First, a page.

What if my drinking water contains E. coli?

A: You should always have your well tested once a year!

“E. coli is a type of fecal coliform bacteria commonly found in the intestines of animals and humans. E. coli is short for Escherichia coli. The presence of E. coli in water is a strong indication of recent sewage or animal waste contamination. Sewage may contain many types of disease-causing organisms.” The full fact sheet is on the web at: http://www.epa.gov/safewater/ecoli.html

The fact sheet begins with a discussion of one rare strain of E. coli, strain 0157:H7, that has caused serious disease. Fortunately this strain is rarely encountered. The great majority of E. coli strains do not themselves cause disease. However, since E. coli typically grows in the gut of humans, warm-blooded mammals, and birds, and is normally excreted by the billions in their waste, and it normally dies or is eaten by other microbes within a few days or weeks of being released into the environment, then finding E. coli in your drinking water is a good indication that sewage or animal waste was recently in contact with your water. And since sewage and animal waste can carry a wide variety of other microbes, some of which do cause disease, the presence of E. coli suggests that other, more dangerous, microbes might be present.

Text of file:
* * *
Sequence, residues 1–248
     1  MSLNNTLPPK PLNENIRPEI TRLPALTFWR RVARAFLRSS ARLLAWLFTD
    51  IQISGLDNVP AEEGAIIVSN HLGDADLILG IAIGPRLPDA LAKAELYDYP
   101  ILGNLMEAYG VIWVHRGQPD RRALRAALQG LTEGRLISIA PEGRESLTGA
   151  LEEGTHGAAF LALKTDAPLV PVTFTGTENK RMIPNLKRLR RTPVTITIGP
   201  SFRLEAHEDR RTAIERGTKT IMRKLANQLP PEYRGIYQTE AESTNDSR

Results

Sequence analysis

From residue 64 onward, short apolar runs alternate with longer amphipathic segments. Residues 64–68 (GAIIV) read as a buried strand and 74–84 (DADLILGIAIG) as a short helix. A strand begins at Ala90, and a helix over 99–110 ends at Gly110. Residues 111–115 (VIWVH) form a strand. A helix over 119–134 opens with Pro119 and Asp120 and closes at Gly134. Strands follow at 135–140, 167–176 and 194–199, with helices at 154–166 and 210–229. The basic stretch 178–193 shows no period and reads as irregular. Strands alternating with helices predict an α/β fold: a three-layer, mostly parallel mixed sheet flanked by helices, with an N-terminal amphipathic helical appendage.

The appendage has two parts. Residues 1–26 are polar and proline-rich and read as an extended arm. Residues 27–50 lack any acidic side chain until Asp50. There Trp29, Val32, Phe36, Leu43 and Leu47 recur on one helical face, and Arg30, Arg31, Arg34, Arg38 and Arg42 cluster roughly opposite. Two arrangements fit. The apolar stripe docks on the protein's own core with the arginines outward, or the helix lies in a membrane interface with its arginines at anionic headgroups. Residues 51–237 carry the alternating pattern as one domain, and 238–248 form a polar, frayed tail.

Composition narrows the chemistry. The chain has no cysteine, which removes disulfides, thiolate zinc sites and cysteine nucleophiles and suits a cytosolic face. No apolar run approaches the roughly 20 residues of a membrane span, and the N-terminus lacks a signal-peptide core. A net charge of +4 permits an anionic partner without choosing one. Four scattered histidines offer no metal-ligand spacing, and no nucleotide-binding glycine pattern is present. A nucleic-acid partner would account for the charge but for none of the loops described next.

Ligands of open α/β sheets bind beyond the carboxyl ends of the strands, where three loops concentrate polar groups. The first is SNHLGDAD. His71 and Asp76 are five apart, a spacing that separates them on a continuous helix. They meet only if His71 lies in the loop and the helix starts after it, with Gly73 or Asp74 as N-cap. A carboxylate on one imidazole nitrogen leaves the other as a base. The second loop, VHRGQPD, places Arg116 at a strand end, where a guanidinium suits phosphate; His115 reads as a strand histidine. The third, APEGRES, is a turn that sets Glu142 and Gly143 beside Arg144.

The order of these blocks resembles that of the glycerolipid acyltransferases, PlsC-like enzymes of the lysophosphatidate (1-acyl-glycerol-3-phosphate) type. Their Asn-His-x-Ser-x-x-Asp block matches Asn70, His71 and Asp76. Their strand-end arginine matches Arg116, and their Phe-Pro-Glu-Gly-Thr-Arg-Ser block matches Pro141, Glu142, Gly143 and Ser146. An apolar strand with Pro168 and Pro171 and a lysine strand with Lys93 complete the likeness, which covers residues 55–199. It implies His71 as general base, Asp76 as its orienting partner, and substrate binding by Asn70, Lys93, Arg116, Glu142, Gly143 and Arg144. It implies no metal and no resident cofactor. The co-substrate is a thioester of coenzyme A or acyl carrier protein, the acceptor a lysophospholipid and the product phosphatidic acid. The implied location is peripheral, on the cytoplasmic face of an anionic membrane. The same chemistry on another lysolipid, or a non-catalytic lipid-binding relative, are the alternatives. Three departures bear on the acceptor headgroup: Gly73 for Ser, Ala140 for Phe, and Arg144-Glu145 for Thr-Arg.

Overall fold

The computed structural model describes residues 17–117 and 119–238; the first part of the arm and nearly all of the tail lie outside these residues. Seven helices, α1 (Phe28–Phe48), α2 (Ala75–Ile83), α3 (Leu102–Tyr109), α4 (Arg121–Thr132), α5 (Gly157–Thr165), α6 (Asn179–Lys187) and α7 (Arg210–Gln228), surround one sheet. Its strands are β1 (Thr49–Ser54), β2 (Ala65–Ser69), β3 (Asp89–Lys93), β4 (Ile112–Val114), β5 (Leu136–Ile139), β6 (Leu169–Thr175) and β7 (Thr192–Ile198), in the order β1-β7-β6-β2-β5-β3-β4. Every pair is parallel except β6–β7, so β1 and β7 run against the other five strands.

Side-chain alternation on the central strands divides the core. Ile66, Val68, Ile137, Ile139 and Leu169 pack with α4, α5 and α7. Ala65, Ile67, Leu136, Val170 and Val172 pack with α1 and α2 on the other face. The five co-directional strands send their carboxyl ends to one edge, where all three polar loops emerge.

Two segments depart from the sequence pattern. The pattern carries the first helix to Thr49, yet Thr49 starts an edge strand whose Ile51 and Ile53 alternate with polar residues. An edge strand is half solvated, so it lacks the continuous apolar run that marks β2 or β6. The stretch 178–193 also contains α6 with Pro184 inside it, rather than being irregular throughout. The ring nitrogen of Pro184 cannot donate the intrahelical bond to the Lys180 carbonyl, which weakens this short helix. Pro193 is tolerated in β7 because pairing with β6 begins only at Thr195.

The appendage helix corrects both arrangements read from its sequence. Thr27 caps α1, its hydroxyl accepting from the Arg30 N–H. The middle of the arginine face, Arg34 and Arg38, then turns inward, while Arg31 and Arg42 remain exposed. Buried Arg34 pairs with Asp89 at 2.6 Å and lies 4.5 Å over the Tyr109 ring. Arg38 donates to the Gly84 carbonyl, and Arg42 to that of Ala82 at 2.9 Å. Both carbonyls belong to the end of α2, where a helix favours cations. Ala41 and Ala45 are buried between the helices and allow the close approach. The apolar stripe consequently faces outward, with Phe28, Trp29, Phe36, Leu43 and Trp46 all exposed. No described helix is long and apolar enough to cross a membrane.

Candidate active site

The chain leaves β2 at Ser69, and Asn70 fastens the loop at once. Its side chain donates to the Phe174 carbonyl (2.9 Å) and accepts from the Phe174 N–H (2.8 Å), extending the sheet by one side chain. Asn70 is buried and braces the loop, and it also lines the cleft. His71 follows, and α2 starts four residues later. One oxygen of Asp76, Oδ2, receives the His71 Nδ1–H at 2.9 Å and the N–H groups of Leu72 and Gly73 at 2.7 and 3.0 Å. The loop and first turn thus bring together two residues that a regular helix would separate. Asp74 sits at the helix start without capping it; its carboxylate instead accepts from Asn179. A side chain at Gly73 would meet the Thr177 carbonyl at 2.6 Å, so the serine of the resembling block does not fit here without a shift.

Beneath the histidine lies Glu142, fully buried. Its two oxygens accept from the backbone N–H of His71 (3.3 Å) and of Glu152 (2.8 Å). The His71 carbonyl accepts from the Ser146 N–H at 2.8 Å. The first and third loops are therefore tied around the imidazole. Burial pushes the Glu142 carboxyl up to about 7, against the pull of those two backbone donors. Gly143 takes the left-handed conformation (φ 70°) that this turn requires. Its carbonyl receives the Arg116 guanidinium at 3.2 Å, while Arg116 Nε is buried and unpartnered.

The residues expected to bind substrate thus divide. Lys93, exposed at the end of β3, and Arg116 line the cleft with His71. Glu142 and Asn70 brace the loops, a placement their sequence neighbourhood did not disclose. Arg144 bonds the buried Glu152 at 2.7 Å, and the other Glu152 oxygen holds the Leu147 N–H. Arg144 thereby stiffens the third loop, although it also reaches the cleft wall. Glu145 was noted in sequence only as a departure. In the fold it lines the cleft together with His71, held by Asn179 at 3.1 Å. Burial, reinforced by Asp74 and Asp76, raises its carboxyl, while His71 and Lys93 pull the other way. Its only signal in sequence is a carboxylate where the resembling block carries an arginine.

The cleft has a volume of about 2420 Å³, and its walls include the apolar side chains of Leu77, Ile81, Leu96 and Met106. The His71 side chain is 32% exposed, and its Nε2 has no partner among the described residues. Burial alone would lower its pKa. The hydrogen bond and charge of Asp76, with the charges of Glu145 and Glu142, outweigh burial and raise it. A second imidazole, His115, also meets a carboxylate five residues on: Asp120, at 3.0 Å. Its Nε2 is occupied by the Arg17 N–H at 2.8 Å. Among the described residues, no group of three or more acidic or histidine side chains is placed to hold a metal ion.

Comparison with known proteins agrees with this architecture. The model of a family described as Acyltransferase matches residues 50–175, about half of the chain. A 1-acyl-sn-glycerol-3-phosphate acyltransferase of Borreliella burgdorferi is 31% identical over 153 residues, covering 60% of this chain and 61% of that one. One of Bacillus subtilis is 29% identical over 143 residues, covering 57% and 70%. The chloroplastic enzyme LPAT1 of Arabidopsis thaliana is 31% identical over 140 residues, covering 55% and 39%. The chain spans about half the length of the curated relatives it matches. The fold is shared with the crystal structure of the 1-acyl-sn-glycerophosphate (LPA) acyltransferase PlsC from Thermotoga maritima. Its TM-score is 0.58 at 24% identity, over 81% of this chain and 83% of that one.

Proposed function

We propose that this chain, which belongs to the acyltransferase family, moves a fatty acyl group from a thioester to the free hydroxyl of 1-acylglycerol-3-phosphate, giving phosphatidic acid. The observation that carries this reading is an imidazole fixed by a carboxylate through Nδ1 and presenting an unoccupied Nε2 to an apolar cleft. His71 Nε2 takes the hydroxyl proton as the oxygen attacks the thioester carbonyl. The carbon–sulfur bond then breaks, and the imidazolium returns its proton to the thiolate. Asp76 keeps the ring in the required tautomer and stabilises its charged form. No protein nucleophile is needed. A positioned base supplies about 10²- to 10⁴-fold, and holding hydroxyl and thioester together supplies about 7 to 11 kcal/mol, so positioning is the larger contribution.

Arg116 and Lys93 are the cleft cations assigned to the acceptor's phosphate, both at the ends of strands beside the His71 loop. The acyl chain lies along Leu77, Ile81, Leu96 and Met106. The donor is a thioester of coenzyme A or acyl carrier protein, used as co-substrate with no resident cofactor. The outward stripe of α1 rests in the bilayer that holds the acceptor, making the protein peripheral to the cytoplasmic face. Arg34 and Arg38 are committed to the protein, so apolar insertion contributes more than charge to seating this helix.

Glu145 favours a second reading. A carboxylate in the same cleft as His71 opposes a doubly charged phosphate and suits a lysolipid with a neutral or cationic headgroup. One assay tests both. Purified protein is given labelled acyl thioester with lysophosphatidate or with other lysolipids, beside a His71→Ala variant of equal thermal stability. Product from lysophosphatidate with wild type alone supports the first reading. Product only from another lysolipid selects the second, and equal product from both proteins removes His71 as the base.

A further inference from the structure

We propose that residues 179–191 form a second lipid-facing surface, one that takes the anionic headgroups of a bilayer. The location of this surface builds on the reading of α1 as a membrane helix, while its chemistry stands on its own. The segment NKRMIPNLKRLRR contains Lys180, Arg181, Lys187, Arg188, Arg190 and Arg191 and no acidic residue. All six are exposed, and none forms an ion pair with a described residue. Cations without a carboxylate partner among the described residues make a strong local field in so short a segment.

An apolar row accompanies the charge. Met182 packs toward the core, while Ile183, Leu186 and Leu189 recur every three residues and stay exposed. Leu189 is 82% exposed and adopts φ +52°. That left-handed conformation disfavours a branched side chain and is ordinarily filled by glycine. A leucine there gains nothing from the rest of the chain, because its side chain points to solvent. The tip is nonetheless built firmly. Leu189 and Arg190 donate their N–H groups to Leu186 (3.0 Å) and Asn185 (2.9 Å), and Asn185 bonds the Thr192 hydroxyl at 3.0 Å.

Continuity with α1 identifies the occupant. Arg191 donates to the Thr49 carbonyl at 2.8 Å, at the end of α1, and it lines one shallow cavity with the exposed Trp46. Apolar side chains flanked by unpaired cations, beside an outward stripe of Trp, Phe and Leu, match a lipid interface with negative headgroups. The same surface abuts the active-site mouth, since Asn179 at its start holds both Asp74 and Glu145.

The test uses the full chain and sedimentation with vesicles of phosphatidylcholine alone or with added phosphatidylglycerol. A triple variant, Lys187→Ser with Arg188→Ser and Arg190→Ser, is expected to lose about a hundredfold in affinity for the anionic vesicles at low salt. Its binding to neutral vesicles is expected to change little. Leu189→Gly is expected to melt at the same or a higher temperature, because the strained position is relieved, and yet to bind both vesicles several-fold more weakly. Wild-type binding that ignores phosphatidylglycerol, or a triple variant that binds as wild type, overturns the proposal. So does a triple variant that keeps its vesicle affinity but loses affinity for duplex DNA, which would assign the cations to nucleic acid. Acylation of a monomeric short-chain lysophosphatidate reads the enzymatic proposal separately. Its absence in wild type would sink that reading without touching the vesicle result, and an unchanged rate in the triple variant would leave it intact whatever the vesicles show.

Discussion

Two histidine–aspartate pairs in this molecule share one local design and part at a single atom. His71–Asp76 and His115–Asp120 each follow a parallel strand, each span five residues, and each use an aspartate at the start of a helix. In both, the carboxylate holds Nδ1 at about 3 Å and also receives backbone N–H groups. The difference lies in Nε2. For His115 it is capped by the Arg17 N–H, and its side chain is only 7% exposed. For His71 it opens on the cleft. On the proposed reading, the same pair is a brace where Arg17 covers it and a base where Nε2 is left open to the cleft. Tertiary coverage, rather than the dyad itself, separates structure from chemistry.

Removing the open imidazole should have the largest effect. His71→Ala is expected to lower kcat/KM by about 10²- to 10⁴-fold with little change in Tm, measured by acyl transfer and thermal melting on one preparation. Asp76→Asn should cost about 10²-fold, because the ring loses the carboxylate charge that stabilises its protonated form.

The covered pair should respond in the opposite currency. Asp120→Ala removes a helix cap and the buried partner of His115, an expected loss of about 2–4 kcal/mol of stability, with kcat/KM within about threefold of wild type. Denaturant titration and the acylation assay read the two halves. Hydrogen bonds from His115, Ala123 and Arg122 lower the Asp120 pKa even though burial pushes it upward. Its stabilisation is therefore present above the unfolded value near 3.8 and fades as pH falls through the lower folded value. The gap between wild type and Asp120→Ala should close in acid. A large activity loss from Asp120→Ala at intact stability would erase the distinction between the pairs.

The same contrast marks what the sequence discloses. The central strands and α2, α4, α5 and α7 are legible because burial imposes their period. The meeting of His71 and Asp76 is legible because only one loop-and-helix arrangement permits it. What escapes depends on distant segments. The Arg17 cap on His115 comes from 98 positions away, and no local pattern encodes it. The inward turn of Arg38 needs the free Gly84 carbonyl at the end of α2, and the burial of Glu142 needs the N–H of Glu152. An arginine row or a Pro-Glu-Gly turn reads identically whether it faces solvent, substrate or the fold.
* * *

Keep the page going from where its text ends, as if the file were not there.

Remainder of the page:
Public water supplies are usually disinfected with chlorine, ozone, or some other process. Finding E. coli in a public water supply indicates that the disinfection process was not working, or that contact with the waste occurred after the water was treated. If your sample was from a public water supply, you should notify the water supplier. If your sample was from a private well or other source, you should take some actions to protect that source. Suggestions can be found in:
USDA Farm: http://www.uwex.edu/farmasyst/

If you suspect the water source, whether public or private, may still be contaminated, you should consider drinking bottled water, or boiling your drinking water, or treating it with iodine, bleach, or disinfection tablets as described in EPA’s fact sheet on emergency disinfection of drinking water.

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